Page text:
__________________
noelex 77 is offline   Reply With Quote
Old 28-05-2013, 23:09   #39
Registered User

Join Date: Jul 2011
Location: Australia NSW south coast
Posts: 633
Re: MPPT Controller Explanation For Dummies

Quote:
Originally Posted by Emmalina View Post
This vid explains a lot about quality without being too biased...
After actually testing these two controllers, the WellSee didn't perform that well, but it crapped all over the 2 BZ units I had, one MPPT250, the other MPPT250HV. The output display on the BZ units tells very large lies, at a reading of 25 amps it was actually putting out 18 amps. If you could actually get it to output 25 amps the thing would need to be water cooled, it generates that much heat, even mounted in an old inverter case with 2 fans running, the transistors finally failed.

Unless you are charge a big lead acid battery pack or you have a big mismatch between panel voltage and battery voltage, there is bugger all to be gained. If you are charging Li batteries, it's actually a backward step, the energy wasted as heat in the MPPT controller is greater than the gain from impedance matching. Li batteries don't have the big voltage changes between discharged and charged, and there is no bottle neck as far as resistance against current entering the battery, the PWM type controllers work fine, up to 80% conversion efficiency.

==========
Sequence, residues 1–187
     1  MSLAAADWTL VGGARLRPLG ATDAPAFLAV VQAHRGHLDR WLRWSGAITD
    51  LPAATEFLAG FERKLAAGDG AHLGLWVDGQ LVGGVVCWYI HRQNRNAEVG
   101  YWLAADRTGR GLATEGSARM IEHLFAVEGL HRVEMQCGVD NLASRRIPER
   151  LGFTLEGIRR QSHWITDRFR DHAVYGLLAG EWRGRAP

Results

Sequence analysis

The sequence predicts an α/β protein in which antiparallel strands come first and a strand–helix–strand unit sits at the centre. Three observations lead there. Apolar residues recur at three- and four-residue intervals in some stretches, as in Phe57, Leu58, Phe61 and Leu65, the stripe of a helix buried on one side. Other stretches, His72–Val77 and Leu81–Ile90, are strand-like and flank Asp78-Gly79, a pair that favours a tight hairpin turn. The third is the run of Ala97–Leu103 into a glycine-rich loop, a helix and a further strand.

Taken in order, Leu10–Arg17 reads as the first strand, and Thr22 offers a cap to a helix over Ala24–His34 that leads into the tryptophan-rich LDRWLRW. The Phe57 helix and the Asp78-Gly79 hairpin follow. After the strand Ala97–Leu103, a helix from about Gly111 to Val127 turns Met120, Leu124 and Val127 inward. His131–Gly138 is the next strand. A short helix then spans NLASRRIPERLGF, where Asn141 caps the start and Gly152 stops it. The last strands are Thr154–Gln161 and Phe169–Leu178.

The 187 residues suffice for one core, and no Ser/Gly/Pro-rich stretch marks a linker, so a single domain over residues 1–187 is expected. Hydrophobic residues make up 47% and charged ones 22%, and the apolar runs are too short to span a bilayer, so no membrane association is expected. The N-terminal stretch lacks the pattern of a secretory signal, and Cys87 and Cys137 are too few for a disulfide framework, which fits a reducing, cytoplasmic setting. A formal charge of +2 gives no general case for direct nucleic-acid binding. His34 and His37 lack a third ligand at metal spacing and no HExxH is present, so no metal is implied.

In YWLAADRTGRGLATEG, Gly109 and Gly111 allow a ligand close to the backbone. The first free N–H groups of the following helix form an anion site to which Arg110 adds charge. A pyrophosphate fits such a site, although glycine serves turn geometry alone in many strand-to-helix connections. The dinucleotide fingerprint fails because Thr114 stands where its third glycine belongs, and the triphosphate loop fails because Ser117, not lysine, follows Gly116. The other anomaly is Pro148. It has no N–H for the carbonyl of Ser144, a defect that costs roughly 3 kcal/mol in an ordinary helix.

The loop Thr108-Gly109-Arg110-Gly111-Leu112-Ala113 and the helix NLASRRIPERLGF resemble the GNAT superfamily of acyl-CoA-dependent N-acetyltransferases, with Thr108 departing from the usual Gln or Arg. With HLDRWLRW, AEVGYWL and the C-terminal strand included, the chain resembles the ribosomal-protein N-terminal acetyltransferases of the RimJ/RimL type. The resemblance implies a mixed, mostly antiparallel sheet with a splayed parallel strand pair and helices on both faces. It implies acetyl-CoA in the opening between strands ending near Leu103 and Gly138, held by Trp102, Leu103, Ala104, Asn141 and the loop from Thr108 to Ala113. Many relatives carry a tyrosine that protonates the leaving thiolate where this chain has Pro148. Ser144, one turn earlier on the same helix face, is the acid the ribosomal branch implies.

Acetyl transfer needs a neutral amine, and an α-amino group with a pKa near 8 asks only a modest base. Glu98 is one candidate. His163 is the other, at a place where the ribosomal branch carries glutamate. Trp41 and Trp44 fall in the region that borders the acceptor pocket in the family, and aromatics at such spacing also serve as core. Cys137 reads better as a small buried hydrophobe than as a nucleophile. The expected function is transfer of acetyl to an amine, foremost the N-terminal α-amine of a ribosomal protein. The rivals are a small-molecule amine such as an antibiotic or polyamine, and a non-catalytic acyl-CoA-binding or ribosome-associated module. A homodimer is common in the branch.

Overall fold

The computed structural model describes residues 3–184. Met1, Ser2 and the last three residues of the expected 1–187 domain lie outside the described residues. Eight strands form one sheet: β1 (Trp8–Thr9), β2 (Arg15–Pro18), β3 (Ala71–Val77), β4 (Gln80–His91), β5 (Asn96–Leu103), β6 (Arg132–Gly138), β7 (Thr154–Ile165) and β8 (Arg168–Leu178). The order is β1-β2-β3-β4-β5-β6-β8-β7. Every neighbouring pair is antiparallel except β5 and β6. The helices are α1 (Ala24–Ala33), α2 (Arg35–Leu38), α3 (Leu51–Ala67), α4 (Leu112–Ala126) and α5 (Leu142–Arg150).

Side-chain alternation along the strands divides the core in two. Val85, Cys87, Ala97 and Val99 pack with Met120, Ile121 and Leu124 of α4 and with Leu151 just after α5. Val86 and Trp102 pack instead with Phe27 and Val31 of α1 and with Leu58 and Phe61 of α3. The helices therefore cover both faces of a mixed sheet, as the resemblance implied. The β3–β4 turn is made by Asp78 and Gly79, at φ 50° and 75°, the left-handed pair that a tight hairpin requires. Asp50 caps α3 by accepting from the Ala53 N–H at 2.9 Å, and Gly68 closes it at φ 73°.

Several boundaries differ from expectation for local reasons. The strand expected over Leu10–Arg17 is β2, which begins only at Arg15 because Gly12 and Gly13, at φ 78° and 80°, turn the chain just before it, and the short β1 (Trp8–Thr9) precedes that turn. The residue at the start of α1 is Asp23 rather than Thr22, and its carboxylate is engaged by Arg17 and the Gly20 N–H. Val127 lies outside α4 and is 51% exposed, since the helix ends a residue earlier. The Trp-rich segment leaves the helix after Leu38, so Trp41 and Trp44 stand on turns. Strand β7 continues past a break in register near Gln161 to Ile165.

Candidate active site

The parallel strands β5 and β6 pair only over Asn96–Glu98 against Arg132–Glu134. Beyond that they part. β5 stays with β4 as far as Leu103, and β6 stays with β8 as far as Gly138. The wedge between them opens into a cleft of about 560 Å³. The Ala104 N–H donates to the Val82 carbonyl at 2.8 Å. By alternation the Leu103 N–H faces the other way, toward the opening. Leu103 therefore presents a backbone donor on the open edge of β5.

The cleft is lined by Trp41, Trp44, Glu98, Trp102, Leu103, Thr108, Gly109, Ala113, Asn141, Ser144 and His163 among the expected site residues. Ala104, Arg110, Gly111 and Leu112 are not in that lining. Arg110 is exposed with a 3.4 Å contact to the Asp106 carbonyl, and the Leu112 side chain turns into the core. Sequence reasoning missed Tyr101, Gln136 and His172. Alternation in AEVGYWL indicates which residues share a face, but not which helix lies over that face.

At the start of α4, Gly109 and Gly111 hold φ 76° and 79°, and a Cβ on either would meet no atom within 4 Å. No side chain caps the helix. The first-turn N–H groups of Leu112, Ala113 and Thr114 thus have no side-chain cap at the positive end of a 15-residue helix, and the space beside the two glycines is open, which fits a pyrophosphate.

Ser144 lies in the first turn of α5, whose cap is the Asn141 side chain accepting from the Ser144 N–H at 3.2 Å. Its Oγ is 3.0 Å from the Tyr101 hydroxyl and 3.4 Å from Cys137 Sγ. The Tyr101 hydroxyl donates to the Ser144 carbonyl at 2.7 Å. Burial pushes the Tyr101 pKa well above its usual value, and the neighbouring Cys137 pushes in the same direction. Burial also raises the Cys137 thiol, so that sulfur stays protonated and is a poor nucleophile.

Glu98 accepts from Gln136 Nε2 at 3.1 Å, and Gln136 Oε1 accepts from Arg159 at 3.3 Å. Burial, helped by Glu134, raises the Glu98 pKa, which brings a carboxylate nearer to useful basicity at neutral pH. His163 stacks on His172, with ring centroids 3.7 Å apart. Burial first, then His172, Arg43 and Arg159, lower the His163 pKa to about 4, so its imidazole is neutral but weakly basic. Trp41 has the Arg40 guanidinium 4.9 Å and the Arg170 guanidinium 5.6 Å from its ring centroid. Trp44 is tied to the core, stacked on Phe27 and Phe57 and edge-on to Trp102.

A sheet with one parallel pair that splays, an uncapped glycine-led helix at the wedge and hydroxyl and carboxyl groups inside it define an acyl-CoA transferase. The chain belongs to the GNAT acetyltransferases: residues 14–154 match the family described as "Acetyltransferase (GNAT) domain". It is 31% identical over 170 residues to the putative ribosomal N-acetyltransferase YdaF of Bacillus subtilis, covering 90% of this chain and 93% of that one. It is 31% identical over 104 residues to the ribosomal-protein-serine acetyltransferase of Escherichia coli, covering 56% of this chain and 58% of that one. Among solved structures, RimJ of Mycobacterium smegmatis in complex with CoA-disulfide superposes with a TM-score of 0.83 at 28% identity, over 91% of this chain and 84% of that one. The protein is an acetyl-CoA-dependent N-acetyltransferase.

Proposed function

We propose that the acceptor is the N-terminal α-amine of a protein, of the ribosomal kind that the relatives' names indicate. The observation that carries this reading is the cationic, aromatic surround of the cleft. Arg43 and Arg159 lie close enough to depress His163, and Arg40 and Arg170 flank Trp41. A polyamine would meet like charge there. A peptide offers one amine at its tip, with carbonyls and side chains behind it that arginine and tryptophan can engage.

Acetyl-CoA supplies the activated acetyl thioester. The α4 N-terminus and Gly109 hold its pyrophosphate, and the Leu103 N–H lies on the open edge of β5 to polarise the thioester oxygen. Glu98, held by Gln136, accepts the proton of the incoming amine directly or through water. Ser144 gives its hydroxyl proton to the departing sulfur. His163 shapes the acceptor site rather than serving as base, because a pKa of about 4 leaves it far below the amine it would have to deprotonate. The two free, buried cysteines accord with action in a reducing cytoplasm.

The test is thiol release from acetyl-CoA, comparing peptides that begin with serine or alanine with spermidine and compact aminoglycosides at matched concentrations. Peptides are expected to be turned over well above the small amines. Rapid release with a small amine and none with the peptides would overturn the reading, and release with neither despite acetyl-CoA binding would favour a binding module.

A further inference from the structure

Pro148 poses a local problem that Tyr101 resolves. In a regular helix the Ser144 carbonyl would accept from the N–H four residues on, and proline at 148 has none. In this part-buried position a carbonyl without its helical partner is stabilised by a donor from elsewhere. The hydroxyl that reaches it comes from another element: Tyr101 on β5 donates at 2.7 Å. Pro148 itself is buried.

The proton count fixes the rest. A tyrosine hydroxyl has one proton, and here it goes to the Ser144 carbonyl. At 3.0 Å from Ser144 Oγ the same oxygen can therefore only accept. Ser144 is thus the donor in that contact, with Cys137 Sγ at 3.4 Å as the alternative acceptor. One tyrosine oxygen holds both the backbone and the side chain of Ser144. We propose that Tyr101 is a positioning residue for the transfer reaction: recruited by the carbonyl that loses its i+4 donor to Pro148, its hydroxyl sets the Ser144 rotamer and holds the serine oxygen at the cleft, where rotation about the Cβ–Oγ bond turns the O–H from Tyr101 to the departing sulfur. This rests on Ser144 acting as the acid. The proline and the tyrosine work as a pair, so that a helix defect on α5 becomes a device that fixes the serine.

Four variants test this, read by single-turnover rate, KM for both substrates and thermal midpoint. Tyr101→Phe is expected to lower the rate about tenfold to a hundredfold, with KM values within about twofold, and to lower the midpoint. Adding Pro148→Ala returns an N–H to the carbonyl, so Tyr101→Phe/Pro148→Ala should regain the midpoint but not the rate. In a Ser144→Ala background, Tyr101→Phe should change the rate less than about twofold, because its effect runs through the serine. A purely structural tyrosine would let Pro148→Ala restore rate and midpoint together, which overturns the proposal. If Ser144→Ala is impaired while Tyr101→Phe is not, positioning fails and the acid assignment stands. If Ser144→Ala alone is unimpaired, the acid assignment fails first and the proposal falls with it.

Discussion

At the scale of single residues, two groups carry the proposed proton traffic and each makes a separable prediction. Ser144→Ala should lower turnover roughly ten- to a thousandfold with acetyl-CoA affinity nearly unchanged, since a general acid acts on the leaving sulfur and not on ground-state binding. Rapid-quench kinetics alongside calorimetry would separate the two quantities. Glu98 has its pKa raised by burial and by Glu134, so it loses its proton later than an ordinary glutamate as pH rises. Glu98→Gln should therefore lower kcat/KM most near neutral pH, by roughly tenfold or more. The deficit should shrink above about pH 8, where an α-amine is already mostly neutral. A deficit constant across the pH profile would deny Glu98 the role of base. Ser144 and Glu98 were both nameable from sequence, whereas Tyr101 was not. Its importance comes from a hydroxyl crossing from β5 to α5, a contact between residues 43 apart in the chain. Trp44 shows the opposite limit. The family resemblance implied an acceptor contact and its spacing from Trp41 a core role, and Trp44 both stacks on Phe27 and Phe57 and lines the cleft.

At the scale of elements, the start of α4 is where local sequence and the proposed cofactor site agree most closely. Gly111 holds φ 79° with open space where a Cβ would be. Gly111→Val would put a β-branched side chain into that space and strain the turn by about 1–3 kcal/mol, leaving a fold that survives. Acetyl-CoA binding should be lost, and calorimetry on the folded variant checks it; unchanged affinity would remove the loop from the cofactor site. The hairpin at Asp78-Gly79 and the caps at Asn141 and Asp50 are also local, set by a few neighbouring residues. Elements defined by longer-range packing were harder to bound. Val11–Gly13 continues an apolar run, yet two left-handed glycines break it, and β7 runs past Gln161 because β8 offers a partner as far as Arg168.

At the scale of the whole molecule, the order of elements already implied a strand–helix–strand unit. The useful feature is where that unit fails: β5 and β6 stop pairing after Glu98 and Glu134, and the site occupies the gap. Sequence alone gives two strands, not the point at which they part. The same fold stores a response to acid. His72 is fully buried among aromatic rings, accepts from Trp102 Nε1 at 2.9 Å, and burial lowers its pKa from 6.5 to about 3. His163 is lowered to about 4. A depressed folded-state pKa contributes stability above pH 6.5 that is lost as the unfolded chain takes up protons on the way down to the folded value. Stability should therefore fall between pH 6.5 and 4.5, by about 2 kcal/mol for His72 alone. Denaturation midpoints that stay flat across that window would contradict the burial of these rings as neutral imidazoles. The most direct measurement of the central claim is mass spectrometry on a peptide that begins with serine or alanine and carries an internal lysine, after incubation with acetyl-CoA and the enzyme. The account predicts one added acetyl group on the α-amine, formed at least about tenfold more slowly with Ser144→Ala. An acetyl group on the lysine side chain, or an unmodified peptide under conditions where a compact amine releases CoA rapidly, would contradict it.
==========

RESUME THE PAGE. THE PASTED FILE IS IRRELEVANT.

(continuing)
Unless you can keep the solar panels below 25 deg C while in full sun, there is not enough difference between Vmpp and Li terminal voltage, but enough to over come wiring resistance.
For those that want to work it out, for ever deg over 25 degC reduce the Vmpp by 0.462%, panels in full sun in T shirt weather will climb to around 75 degC, that brings the 18v Vmpp @ STC (Standard Test Conditions, a light box in a lab with flash readings so the panels don't heat up) down to 14v Vmpp NOCT (Normal operating Cell Temp) not much impedance match to be had there.

T1 Terry
__________________
T1 Terry is offline   Reply With Quote
Old 29-05-2013, 01:06   #40
Marine Service Provider

Join Date: Oct 2011
Posts: 1,205
Re: MPPT Controller Explanation For Dummies

Quote:
Originally Posted by endoftheroad View Post
I used a meter yesterday at mid day and my 140 watt panels were 20 volts each entering each mppt controller. Was I seeing things?
The battery was 14.3 volts (if I remember correctly).

My batteries are full mid morning while I'm running refrig, vhf and 12 volt fans.
I'm charging every electronic gadget possible during this 6 or 8 hour period although it's not necessary.
I'm new to solar and mppt, it's been a better than expected experience.

2-Kyocera 140
2-genasun mppt controllers
4-Trojan T-105's in series.

Victron battery monitor soon to be installed.

It's raining here in Key West at 3:00 pm, grey skies and stormy weather and my panels are 14.4 each and the batteries are 12.7 volts.